How to Cook Pasta (Perfectly)
Learn How to Cook Pasta “al dente”, every time. Cooking pasta is a simple task that often leads to frustration. These tips will hopefully lead to happy pasta dishes and eliminate future pasta disasters.
“So what is al dente anyway?”
Al dente is the optimal desired texture when cooking pasta and grains. It refers to a firm, but not hard consistency. The actual translation of the Italian phrase al dente, is “to the tooth” meaning there is an ever-so-slight resistance when you bite into it, but not a crunchy hardcore.
Cooking pasta seems like an easy chore, but often leads to mushy, slimy or sticky pasta if you’re not careful. It’s best not to throw the pasta in the water and forget about it, as so many of us do.
Me included, on occasion.
Today’s “How to Cook Pasta” tutorial will break down the causes of some classic pasta mishaps. For further ins-and-outs of pasta cooking, visit my friends at DeLallo.
They are the ninja masters of pasta.
How to Cook Pasta
The first step to perfect pasta cooking is to boil a lot of water. When you use a pot that is too small and doesn’t hold enough water, the pasta boils in the starch it releases, at concentrated levels. This makes your pasta slimy.
Slimy pasta is a bad thing.
When you pull out a pot for pasta cooking, GO BIG and fill’er up! 5-6 quarts of water is appropriate for one pound of pasta.
Thoroughly salt the water. Salting your pasta after you cook it doesn’t enhance the flavor. It just makes it taste, well… SALTY.
When pasta is cooked in salt water, it absorbs the salt and helps to bring forth it’s natural flavors.
Add enough salt to the water to make it taste like the ocean. In a large 5+ quart pot, that should be between 2-4 tablespoons. It seems like a lot of salt, but the pasta will absorb just enough.
Next, bring the water to a rolling boil over high heat. You can place the lid on the pot to get it to boil faster.
Side Note: For years I added a little oil to the water, so that it wouldn’t boil over. A clever trick, right? The problem with this, is it lubes down the strands of pasta so that nothing sticks to them, or absorbs in them. So when it’s time to sauce the pasta, you have a problem.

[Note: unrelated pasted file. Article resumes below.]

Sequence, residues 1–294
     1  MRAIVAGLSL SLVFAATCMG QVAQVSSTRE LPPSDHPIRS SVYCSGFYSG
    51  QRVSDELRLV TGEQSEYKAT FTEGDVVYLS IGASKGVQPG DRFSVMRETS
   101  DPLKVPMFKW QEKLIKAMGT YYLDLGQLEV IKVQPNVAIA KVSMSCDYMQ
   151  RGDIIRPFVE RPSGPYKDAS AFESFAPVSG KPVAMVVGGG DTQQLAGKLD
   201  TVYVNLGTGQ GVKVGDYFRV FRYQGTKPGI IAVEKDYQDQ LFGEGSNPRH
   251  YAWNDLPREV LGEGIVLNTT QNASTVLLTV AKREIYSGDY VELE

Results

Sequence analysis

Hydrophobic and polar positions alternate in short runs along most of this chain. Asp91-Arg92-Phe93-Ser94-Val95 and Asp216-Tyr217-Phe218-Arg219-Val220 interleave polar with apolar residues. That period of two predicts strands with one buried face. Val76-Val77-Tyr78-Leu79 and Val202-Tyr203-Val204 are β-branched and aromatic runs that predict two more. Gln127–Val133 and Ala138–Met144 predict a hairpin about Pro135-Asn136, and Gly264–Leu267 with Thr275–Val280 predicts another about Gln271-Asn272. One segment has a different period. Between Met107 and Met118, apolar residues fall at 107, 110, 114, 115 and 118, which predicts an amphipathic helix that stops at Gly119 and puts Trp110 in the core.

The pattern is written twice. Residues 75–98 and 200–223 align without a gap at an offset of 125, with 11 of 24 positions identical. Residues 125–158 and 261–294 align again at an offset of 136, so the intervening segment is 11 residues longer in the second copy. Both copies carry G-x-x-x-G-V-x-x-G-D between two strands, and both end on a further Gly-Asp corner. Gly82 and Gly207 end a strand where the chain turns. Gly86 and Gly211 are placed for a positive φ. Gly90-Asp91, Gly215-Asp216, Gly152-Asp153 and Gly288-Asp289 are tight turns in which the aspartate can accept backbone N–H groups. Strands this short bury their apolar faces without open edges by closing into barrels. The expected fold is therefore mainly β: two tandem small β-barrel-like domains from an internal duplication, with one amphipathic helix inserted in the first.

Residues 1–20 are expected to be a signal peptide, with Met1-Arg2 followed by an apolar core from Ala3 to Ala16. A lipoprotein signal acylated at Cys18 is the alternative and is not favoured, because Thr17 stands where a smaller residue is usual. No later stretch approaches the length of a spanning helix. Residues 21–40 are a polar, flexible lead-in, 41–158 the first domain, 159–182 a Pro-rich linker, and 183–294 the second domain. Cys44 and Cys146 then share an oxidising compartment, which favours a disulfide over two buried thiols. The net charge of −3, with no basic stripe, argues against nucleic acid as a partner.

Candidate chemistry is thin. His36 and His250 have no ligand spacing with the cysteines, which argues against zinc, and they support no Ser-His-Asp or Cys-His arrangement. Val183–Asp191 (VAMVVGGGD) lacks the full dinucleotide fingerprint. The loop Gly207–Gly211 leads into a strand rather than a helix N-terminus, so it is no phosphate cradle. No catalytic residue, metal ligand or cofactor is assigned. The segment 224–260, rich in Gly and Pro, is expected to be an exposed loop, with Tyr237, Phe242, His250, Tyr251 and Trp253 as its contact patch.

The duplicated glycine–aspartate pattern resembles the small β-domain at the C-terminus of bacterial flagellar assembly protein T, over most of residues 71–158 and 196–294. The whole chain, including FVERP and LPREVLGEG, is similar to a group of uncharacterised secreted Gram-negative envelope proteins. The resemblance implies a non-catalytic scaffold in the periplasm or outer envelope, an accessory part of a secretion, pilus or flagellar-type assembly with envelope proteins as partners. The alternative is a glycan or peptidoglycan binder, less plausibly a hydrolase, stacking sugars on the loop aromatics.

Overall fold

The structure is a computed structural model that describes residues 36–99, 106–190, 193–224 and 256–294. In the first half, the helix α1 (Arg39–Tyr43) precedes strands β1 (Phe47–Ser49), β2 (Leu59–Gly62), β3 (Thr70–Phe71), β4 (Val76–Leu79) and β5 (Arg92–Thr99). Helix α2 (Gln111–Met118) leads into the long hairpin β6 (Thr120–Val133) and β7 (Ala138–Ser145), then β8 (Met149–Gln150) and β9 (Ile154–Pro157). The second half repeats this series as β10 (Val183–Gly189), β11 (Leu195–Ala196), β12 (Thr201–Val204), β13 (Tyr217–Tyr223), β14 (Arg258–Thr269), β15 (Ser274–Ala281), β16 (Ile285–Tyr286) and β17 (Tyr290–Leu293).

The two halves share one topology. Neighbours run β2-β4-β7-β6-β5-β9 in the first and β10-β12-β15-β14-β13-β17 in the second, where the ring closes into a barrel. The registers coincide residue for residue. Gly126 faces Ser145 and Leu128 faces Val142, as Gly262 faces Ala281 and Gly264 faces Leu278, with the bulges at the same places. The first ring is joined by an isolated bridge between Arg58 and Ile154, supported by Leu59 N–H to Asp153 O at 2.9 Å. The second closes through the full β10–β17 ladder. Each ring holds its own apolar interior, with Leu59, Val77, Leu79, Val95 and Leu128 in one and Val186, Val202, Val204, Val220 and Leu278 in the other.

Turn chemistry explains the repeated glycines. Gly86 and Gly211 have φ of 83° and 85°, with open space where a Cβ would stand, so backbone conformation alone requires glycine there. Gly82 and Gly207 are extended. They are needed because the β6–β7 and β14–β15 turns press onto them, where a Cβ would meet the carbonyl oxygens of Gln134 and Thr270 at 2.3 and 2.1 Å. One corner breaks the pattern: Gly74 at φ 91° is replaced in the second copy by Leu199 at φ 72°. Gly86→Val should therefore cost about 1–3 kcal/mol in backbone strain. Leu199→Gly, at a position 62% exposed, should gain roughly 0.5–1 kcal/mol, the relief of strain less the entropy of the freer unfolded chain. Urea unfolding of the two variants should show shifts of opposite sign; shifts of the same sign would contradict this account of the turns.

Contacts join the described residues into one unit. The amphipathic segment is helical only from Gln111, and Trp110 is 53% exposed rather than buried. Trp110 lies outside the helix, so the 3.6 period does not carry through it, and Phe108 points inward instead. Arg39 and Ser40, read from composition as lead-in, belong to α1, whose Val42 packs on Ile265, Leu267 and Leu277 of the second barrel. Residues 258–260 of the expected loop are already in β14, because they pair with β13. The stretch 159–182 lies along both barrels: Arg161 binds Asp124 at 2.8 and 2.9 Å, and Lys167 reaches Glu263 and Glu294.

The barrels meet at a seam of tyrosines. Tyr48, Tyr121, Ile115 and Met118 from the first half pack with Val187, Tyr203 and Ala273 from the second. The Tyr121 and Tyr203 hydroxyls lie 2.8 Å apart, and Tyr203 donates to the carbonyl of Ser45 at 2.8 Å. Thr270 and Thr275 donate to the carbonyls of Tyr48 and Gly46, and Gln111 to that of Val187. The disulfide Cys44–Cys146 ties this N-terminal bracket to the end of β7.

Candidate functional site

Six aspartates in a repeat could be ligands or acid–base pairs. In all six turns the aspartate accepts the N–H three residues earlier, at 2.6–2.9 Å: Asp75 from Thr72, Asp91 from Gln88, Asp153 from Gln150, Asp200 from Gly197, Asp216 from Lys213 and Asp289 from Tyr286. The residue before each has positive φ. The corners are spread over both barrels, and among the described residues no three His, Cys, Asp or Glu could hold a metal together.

Restaurant quality pasta is finished in the sauce so that the pasta can absorb the flavors of the sauce. Therefore, it’s best to skip the oil.
Once the water is raging in the pot, add the pasta.
DO NOT add the pasta before you’ve got a serious boil going on. Letting your pasta sit in hot water, that’s not hot enough to actually cook it, makes it mushy.
Stir the pasta so it won’t stick together.
Then place the lid back on top for just a minute or two. Doing this will help bring the water back up to that essential boil as fast as possible.
Once you’ve got a rolling boil again, remove the lid.
Stir a second time and cook the pasta as directed on the package.
I like to check my pasta about two minutes before the package cooking time, just to be safe.
Now it’s time for the Bite Test.
(Remember when people use to throw pasta against the wall to check if it was cooked enough? Weren’t we crazy in the 90’s?)
Remove a strand of pasta from the pot and bite. How does it feel to the tooth?
Firm but not hard???
Look at the end of the pasta you just bit. If you see a light-colored circle, the pasta is not quite ready.
See how this strand has a white circle? Not quite ready.
If you see just a white dot the size of a pin-prick, the pasta is almost al dente.
The white dot signifies it’s time to strain the pasta.
Taking the pasta out of the boiling water, just before it reaches al dente, allows you to cook the pasta in the sauce for a few minutes longer. That way it can absorb all those wonderful saucy flavors without overcooking.
Strain the pasta in a colander, or quickly scoop it out with a pasta serving spoon.
DO NOT rinse the pasta. Ever.
You’ll wash away the starch that helps the sauce stick to the pasta. Place the pasta straight into the warm sauce you have ready-and-waiting and toss. Cook 1-2 minutes before turning off the heat.
When straining the pasta, make sure to reserve some of that salty-starchy pasta water. I usually save a cup or so.
Pasta water is a magic ingredient in many pasta dishes. Once you stir the pasta into the sauce, if it’s a little thick or lacking flavor, add a bit of pasta water. You’ll be surprised at the difference it will make.